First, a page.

Visual pathways and its disturbances
Visual disorders in humans may be as result from lesions following anatomical structures:
- optic nerve,
- optic chiasm,
- optic tract,
- lateral geniculate body,
- geniculate-occipital tract,
- the visual center of the cerebral hemisphere's occipital lobe cortex.
Visual field defects and lesion sites are here illustrated for the left visual pathway: 1 - unilateral lesion of optic nerve, 2 - lesion of optic chiasm, 3 - unilateral lesion of optic tract, 4 - unilateral lesion of optic radiation in Meyer's loop (anterior temporal lobe), 5 - unilateral lesion of optic radiation, medial part, 6 - lesion of occipital lobe, 7 - lLesion of occipital pole (cortical areas).
Lesions of the visual pathway:
Visual field defects
|1. Unilateral lesion of optic nerve||Blindness in affected eye|
|2. Lesion of optic chiasm||Bitemporal hemianopia ("blinders")|
|3. Unilateral lesion of optic tract||Contralateral homonymous hemianopia|
|4. Unilateral lesion of optic radiation in Meyer's loop (anterior temporal lobe)||Contralateral upper quadrantanopia ("pie-in-the-sky")|
|5. Unilateral lesion of optic radiation, medial part||Contralateral lower quadrantanopia|
|6. Lesion of occipital lobe||Homonymous hemianopia|
|7. Lesion of occipital pole (cortical areas)||Homonymous hemianopic central scotoma|
Retinal lesions cause the appearance of arcuate cattle (focal loss of visual fields), defined as the "islands" loss of sight, which are directed towards the blind spot or come out of it. Arcuate (bundle of nerve fibers) defects are clearly border on the horizontal centerline, and its extensive dimensions lead to the loss of half of the visual field. Damage of papillomacular bundle, providing central fixation, leads to the appearance of the central (damage of fixation point) or central cecal (damage of fixation point and the blind spot) scotoma. In case of macular damage, small size central scotoma often leads to impairment of vision, visual perception, characterized by distortion of the shape and size of visible objects, especially straight lines (metamorphopsia), which distinguishes macular damage from the optic nerve damage.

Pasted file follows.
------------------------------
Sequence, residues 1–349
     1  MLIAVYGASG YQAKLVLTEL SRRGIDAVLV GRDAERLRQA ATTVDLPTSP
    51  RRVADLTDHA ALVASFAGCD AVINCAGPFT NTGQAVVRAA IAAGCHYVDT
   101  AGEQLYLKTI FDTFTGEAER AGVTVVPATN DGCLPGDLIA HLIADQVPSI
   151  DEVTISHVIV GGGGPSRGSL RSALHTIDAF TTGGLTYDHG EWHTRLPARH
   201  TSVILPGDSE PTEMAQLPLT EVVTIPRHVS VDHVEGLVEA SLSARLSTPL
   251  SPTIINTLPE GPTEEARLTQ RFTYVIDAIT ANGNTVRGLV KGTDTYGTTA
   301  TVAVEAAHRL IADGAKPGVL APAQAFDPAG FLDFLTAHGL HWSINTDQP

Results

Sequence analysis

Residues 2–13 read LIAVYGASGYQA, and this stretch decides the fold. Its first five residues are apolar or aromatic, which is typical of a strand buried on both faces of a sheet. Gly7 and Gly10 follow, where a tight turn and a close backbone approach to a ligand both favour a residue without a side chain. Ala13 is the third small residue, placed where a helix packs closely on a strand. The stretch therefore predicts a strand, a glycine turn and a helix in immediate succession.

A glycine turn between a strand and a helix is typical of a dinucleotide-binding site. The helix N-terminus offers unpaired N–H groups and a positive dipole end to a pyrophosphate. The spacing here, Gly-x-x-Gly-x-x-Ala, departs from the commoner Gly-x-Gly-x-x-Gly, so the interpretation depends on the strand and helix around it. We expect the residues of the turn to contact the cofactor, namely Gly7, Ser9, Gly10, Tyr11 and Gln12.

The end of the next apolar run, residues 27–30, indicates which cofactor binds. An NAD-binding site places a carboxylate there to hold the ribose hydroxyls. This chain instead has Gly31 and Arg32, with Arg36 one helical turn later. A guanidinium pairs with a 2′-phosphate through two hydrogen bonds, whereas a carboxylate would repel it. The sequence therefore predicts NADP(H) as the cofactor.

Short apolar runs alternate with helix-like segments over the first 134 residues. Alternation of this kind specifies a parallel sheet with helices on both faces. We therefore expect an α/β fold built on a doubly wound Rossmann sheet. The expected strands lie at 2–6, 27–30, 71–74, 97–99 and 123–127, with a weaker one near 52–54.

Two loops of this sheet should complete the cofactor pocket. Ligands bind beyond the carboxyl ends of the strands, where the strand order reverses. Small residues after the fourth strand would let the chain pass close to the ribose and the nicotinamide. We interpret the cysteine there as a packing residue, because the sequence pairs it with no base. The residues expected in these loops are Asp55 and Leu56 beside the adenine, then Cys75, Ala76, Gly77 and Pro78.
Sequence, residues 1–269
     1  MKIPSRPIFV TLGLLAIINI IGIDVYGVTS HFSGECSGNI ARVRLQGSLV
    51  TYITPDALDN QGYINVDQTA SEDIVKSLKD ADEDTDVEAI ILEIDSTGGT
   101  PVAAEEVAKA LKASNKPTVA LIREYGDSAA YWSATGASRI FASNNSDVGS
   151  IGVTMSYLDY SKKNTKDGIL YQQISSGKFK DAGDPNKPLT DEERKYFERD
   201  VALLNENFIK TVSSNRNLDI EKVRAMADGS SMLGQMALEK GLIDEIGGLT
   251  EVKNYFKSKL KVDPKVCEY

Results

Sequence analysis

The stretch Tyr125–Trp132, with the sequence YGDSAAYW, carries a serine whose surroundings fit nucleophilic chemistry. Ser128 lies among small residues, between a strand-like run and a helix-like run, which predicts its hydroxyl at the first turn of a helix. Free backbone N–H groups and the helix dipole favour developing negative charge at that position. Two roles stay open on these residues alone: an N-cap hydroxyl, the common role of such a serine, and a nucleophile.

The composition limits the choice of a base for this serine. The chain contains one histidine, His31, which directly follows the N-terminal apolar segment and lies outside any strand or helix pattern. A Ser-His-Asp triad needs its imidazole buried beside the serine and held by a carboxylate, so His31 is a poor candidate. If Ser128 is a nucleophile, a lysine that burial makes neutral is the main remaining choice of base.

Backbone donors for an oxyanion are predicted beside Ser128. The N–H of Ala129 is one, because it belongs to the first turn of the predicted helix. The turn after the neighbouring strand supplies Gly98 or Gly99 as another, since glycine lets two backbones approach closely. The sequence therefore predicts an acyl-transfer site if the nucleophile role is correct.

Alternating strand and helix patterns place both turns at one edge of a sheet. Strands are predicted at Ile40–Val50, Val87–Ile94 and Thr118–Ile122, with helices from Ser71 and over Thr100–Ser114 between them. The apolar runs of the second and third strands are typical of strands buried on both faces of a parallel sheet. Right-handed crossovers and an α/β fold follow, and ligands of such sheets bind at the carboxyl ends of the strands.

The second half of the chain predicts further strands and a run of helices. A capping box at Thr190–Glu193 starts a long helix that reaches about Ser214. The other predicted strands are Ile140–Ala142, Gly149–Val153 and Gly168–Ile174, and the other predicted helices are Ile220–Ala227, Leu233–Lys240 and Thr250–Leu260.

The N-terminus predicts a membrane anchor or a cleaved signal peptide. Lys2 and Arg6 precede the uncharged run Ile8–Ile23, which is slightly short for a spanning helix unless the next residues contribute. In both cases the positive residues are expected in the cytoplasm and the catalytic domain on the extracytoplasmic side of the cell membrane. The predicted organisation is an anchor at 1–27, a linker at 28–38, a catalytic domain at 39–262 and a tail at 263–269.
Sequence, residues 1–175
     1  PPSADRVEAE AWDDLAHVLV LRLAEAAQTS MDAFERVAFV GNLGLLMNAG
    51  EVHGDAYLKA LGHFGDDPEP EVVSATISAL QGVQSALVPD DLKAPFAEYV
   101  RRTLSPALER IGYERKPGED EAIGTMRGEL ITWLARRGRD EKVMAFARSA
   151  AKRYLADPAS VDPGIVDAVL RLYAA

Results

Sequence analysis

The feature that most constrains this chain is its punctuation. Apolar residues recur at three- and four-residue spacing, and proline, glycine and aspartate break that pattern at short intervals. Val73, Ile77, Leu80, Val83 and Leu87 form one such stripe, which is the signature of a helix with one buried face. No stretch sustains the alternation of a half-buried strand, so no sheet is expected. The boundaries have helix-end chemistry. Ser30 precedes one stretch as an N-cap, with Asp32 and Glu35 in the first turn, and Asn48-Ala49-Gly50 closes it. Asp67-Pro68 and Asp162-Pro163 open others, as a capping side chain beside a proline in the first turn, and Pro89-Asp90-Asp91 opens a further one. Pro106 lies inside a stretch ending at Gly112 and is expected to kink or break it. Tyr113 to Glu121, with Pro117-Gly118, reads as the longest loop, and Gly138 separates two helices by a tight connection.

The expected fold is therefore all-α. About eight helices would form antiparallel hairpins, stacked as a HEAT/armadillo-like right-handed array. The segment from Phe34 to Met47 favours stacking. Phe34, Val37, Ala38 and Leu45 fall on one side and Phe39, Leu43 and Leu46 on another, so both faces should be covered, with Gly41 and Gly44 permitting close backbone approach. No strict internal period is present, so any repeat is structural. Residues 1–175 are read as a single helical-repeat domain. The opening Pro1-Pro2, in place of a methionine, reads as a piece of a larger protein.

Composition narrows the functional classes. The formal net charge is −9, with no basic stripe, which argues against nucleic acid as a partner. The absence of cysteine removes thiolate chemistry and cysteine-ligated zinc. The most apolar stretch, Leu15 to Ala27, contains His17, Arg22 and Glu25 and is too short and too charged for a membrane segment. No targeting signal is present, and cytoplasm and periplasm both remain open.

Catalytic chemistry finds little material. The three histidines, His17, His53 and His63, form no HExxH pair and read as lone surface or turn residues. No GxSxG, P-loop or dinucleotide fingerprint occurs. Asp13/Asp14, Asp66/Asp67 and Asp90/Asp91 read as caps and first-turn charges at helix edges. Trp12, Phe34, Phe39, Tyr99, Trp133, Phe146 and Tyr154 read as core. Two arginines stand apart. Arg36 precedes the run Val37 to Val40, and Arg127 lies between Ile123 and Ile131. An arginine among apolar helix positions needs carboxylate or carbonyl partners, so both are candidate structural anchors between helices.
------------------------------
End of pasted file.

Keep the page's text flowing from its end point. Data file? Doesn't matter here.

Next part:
Central cecal scotoma is a frequent feature of the specific lesions of the optic nerve, which causes may be internal (demyelinating, infiltrating and degenerative processes) and external compression (aneurysm, tumor) factors. Toxic effects (methyl alcohol, quinine, some phenothiazine series tranquilizers), nutritional disorders (tobacco and alcohol blindness), lead to the formation of relatively symmetrical bilateral central or central cecal cattle. Progressive generalized constriction of peripheral isopters with relative preservation of central vision may be a consequence of the annular compression by tumor, such as the optic nerve sheath meningioma. Spiral narrowing or "pipe vision" of inorganic origin (hysteria, simulation) are stored in the study of patientís vision from any distance. In the case of organic lesions, outer diameter of the visual field defects will increase with the distance between the eye and the object under study.
Visual field defect localized in one-half of the visual field of each eye - is hemianopsia. At hemianopsia there is a clear border in a vertical line.
Bitemporal hemianopia points to the lesion of crossing fibers of the nasal portion of the retina in the optic chiasm, usually due to compression of the optic chiasm (with pituitary tumors, craniopharyngioma, sellar diaphragm meningioma, suprasellar aneurysm of the arteries of the circle of Willis).
Homonymous hemianopia (loss of left or right half of the visual fields) occurs in lesions of the visual pathway above the chiasm, in case of complete hemianopsia does not allow to determine the exact location. Incomplete homonymous hemianopia more specifically refers to the possible place of lesion:
- if the visual field defects are identical on both sides, it is likely that the lesion is localized in the cortex of calcarine sulcus;